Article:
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Small and medium-sized UK companies could save up to 3 per cent if they paid Chinese suppliers in renminbi, rather than dollars, according to a foreign exchange dealer.

Western Union Business Solutions began offering renminbi payment options last year but has reported low uptake from UK businesses. Currently, 97 per cent of payments made to China through the dealer are in US dollars.

“We built it, they didn’t come,” says chief operating officer David Sear of WUBS, formerly Travelex Global Business Payments.

More than a third of 1,000 Chinese companies surveyed by WUBS said that they would prefer to be paid in their own local currency. But WUBS believes that cultural differences are making Chinese suppliers reluctant to ask their overseas partners to change their business practices.

“The Chinese exporters have a cultural conservatism, and the importers don’t really know that it’s available,” says Mr Sear.

HSBC says that some of its UK clients have started to invoice in renminbi, but that this is “the tip of the tip of the iceberg”, according to David Pavitt, head of emerging markets foreign exchange trading.

Not all Chinese companies are able to invoice overseas partners in renminbi, since they must first get approval to do so from the Chinese authorities.

Many Chinese companies bump up the dollar cost of the goods they sell to foreigners to compensate for the widely expected prospect that the dollar will continue to depreciate against the renminbi. HSBC says that some companies will offer a discount of as much as 8 per cent if they are paid in renminbi.

Chinese companies can also improve their cash flow by being paid in renminbi, since the Chinese authorities take about a week to process foreign currency payments but only a day for renminbi ones.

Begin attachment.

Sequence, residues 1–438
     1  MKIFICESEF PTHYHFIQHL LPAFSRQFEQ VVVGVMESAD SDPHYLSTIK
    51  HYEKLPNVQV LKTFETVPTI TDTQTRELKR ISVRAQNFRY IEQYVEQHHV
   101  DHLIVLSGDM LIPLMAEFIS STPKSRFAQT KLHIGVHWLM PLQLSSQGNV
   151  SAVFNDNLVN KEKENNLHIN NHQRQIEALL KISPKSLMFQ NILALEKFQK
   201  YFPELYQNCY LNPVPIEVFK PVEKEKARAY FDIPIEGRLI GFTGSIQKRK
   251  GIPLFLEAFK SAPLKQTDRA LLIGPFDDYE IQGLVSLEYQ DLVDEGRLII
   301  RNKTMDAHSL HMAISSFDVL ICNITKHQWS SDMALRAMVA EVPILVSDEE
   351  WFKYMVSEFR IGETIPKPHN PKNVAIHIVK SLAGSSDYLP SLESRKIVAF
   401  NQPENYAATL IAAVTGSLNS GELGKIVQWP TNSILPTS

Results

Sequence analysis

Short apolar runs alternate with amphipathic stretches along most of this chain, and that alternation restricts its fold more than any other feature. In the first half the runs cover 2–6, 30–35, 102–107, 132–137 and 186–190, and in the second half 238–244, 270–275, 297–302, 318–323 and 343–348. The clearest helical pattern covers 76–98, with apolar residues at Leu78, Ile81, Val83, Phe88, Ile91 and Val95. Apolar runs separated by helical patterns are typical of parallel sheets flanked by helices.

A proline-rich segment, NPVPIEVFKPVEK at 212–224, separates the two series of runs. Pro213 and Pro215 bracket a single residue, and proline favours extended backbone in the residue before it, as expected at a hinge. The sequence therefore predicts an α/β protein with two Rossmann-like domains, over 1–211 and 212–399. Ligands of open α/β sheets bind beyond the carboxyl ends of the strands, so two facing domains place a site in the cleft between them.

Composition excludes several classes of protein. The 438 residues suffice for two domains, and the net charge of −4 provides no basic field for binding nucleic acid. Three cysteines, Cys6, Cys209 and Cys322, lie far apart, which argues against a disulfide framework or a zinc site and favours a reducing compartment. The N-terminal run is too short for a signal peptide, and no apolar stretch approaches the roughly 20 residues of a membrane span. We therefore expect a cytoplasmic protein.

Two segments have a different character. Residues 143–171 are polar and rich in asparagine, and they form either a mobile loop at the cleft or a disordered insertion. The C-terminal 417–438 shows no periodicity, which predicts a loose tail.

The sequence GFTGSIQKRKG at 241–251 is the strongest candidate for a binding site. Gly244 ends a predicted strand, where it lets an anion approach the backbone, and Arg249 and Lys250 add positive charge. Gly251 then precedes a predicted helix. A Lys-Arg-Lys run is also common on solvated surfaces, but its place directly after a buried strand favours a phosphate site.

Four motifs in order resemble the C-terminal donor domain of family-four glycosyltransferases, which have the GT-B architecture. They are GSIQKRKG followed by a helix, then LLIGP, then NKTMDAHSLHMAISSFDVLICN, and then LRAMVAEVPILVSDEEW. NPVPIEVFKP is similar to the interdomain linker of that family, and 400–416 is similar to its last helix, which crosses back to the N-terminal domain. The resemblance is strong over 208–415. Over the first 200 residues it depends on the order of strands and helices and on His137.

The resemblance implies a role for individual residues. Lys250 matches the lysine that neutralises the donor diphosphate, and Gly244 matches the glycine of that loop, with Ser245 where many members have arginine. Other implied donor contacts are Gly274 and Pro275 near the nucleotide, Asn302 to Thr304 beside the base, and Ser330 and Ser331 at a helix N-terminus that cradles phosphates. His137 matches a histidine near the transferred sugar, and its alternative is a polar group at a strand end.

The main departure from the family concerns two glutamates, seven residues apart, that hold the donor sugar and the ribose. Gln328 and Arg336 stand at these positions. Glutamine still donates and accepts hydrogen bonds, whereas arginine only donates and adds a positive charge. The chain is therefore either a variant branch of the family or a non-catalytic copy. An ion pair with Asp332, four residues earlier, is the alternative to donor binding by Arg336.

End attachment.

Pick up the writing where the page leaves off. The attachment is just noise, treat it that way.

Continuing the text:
For British companies, however, the drawback of paying in renminbi is that they must take on the foreign exchange risk of the Chinese currency. That would be good for WUBS and other currency dealers, because it would give the company the opportunity to sell hedging products linked to the renminbi.

Foreign companies cannot access financial markets in mainland China, so they can hedge their renminbi forex only in the small and illiquid offshore market in Hong Kong.

Rana Harvey, managing director at Dazzling Dummies, which supplies mannequins from its headquarters in York in the UK, imports parts from 15 Chinese companies.

“It definitely would be an advantage to start paying in renminbi,” she says. “The Chinese suppliers tend to raise prices in dollars. I know that some Chinese companies do offer favourable rates [for invoices in renminbi] as they don’t have bank charges.”

At present, Ms Harvey pays her suppliers in dollars and does not hedge that currency risk against sterling.

Ms Harvey is hoping that if her suppliers offer to invoice in renminbi, an agreement can be reached to split the cost of any appreciation.

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